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A hopeful future for Super Rugby in 2022 – Part 2

Roar Rookie
1st October, 2020
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Roar Rookie
1st October, 2020
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In the second part of this two-article series I propose a Super Rugby model that deals with the issues raised in my first article.

As outlined in the first article, this model is based on the following assumptions: that all SANZAAR members and Japan wish to participate, that South Africa wishes to retain all six teams, that Australia will retain all five teams and that Culling or merging teams is not the answer.

I originally came up with this format when Super 18 was splitting up. However, this will still apply to a Super Rugby competition in 2022 if the current and unsure rugby landscape is only a 2021 anomaly.

Some ground rules first: the proposed Super 14 for 2021 would have each team playing 13 regular-season games, with the original SANZAAR teams playing four to five games overseas and Argentina playing between six and seven abroad. This should be the target amount of regular-season games and travel should be less than or equal to this number.

Chris Feauia-Sautia

(Photo by Bradley Kanaris/Getty Images)

In its current format Super Rugby has 16 regular-season games and up to three finals games. Because of this, teams are limited to 19 games.

The season starts with two international competitions each comprising nine teams that play each other once. Of each team’s eight regular-season games, four are home and four are away, with the top four going to the finals for potentially two more games, making a potential total of ten games.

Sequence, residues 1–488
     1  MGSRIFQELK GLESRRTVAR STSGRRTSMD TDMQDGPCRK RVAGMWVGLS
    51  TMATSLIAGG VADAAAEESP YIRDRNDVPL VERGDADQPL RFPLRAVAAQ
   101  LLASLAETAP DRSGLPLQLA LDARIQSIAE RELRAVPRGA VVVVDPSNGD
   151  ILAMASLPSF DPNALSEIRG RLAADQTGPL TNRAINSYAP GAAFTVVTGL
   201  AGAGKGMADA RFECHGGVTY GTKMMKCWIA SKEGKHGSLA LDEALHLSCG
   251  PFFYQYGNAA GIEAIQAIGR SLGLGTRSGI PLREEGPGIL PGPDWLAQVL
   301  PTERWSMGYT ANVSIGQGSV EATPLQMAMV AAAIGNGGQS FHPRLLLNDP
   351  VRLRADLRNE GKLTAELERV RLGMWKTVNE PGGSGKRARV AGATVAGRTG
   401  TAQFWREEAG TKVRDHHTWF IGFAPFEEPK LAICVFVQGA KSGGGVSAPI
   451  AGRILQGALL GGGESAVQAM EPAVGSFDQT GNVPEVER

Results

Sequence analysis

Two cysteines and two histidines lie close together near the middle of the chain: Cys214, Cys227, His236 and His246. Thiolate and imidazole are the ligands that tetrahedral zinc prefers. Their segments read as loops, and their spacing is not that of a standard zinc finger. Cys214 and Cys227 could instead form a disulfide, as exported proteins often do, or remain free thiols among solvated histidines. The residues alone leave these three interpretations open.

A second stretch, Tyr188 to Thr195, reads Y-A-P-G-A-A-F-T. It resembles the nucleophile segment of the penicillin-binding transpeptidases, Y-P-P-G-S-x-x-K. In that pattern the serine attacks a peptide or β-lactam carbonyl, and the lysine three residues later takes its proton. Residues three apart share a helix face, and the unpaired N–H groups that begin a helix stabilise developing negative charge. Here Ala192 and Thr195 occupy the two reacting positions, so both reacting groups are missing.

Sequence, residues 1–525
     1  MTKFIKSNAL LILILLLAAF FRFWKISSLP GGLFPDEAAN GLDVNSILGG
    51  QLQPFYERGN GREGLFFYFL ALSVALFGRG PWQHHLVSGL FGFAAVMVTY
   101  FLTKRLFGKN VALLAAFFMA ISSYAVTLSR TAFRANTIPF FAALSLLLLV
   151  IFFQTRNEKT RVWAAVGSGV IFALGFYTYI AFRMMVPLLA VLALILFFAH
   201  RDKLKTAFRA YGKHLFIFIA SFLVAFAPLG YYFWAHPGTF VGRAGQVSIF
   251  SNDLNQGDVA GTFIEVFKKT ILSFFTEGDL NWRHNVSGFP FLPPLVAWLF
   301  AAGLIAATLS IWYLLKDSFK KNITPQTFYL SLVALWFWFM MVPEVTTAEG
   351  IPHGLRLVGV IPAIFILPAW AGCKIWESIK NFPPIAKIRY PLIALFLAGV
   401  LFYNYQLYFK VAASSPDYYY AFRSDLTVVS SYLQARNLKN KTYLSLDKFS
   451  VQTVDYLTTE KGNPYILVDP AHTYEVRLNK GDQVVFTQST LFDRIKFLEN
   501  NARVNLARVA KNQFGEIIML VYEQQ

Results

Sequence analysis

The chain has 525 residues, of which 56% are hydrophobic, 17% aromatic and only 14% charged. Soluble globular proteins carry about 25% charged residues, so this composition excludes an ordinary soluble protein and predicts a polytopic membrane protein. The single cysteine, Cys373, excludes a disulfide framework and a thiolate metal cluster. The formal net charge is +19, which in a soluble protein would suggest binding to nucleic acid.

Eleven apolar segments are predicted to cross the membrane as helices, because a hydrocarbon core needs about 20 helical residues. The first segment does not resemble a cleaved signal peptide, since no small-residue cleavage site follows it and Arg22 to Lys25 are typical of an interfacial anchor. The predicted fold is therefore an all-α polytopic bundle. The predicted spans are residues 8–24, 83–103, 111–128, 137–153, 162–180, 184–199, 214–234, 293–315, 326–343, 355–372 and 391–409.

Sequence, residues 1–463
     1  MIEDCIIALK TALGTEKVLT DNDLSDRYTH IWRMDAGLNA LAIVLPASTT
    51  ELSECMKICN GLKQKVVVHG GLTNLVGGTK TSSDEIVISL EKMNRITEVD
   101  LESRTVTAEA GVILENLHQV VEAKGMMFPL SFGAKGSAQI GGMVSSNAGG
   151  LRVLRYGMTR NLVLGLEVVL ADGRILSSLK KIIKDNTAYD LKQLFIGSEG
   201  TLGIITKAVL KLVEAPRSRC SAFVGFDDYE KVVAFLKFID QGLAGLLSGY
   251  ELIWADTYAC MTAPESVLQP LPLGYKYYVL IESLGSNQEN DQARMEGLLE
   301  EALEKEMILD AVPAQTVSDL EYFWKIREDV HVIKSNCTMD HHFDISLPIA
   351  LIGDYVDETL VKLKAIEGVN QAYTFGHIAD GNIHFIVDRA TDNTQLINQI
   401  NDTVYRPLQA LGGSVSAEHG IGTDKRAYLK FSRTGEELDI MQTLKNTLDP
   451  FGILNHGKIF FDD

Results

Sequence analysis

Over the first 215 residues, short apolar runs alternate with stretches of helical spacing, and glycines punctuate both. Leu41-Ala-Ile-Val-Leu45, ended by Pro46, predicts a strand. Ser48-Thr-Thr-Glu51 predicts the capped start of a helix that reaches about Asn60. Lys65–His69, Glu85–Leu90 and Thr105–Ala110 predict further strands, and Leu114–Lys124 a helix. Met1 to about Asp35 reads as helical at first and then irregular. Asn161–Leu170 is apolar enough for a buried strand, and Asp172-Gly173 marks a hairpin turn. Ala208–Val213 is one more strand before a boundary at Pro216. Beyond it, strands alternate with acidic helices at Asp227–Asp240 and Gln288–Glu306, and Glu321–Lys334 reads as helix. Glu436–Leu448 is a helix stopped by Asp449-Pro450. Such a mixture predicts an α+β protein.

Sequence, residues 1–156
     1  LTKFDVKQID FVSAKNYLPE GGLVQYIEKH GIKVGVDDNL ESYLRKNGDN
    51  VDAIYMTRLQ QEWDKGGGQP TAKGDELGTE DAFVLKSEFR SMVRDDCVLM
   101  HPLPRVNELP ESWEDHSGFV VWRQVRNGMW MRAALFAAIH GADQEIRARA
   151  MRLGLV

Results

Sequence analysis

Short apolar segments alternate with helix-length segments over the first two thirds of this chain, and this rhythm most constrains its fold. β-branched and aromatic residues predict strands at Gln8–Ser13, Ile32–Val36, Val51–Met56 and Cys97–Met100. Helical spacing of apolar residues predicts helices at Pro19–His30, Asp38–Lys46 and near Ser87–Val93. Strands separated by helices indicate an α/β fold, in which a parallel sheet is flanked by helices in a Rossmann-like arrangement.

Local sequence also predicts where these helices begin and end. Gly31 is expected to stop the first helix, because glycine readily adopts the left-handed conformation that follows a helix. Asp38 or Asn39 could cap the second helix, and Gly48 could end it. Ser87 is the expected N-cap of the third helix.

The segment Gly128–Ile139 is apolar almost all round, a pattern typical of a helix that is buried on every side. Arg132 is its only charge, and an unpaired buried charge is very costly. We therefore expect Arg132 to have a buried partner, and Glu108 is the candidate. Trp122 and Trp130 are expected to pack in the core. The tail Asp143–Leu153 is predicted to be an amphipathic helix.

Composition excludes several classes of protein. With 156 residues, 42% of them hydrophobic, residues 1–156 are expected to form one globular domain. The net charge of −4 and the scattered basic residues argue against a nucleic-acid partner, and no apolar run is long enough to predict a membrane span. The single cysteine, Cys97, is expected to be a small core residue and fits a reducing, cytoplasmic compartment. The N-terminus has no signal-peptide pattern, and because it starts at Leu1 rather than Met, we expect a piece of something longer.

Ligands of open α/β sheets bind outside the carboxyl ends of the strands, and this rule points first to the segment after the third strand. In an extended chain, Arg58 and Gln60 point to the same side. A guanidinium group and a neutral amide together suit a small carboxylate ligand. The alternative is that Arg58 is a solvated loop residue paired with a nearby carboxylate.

The competitions themselves would Super Rugby consisting of the Japanese national team, the Jaguares, the top three South African teams, the top two Australian teams and the top two New Zealand teams from the previous year’s domestic competitions. The bottom three teams from the original SANZAAR nations will compete for the SANZAAR Shield (we can find a better name later).

The competitions will run parallel. A week after the final the domestic seasons will commence for the southern hemisphere teams to decide the national champions and who will play in the following season’s Super Rugby and SANZAAR Shield competitions. Japan will have their off-season, as they would have completed the Top League and competed in Super Rugby wo will need time off before the July internationals.


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The Japanese nation team was chosen for its quality and to ease tension between the JRU and Top League club owners. The Japanese defeated both Scotland and Ireland in last year’s World Cup and would be one of the favourites for this competition.

The Top League clubs didn’t want their players risking injury for the Sunwolves and felt their presence would relegate a growing Top League to a lower status. But this competition is half the length, so the risk of injury is reduced, and they are still the primary competition behind the national team.

Also, the Japanese have struggled to get a regular quality competition up and running, so they should relish playing against teams like the Brumbies, Jaguares, Hurricanes, Sharks and Crusaders, who could beat most national teams. They will also have the opportunity trial new combinations for upcoming Test matches. They can choose to call the team the Sunwolves if they like, but the practice should be the same.